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Container Centralen Says RFID Provides 'Substantial' Cost Savings
The horticulture logistics provider reports that less than a year after its 3.84 million trolleys were fitted with RFID tags, the company and its customers are seeing real benefits.
Oct 19, 2011—It has been 10 months since Container Centralen (CC), a Danish firm that owns and maintains trolleys used by the horticulture industry, went live with its RFID deployment, which involved installing passive EPC Gen 2 RFID tags onto 3.84 million trolleys used by its European clientele, as well as the accompanying infrastructure of RFID readers at 60 CC depots and four repair shops.
Speaking on Wednesday at the RFID Journal LIVE! Europe 2011 conference and exhibition, held in Amsterdam, Soren Moller Sorensen, CC's chief operating officer, explained that although his company experienced some initial resistance from customers with regard to the tagging project, many are now expressing strong curiosity about radio frequency identification, and, in some recent cases, interest in instituting new RFID-enabled applications involving the trolleys.
Container Centralen's customers had expressed worry that tracking trolleys via RFID might cause confidential company information to be accessible by competitors, Sorensen explained, or somehow infringe on their privacy.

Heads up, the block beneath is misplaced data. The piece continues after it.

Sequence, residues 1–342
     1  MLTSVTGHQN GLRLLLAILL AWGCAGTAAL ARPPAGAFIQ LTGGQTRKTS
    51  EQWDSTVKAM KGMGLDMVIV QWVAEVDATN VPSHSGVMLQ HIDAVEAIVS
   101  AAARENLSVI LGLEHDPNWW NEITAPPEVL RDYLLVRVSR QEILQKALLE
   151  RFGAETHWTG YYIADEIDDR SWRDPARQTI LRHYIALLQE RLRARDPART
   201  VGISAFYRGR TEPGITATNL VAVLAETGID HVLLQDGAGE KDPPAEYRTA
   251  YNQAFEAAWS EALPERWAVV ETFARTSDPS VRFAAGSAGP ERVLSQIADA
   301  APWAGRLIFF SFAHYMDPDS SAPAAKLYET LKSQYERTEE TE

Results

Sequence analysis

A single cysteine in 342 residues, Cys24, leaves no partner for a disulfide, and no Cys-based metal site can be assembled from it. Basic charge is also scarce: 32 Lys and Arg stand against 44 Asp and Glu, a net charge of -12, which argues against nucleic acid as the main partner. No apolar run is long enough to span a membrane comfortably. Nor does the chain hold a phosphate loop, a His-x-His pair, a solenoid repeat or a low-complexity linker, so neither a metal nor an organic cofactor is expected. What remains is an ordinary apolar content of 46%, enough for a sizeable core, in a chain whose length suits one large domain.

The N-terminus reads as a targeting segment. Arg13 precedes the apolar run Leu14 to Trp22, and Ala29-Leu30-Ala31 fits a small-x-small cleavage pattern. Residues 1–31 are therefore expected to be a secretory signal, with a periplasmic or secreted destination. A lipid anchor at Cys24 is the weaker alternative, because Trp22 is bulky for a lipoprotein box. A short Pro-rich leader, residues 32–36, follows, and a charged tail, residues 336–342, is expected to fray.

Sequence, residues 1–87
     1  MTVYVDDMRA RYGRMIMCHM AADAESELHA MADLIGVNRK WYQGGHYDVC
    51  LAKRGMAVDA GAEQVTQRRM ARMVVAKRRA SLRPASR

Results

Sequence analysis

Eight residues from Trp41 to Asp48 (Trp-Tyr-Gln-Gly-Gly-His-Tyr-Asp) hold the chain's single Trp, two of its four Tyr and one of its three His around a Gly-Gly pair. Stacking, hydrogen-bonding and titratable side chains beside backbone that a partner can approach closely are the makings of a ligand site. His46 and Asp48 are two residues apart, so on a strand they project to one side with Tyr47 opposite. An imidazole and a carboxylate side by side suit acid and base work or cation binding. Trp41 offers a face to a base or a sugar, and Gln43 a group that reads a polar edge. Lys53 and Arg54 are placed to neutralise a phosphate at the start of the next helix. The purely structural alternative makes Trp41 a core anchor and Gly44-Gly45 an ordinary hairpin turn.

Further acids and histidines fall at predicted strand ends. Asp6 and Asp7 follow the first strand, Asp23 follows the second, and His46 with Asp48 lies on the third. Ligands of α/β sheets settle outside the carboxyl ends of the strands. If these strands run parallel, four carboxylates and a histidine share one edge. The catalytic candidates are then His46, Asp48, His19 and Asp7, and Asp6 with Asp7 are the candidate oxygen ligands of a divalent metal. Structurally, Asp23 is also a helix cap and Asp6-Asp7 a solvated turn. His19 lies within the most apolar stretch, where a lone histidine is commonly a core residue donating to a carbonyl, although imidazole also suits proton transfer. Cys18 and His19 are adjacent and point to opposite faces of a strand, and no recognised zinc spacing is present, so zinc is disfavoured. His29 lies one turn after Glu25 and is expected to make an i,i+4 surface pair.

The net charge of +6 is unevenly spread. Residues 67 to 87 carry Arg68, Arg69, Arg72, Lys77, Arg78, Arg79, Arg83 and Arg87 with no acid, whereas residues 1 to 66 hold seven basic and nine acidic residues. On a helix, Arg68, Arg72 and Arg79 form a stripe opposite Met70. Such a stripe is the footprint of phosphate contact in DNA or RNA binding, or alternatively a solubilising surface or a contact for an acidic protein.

CC began using the tags on Jan. 10, 2011, after several project delays due to customer hesitation. "We were ready, but the customers needed more time to learn about RFID and prepare for the RFID project," Sorensen noted while on the sidelines of the conference.
Attaching an RFID tag to the base of each one of its 3.84 million trolleys—which contain shelves and are used to transport, store and display plants—took only about two and a half months, Sorensen said, because CC asked its customers to perform the tagging themselves, using specially designed tags manufactured by Confidex. Though CC's property, the trolleys are used on the premises of 200,000 of its customers, comprising growers, wholesalers, exporters, consolidators, transport companies and retailers—many of them small businesses.
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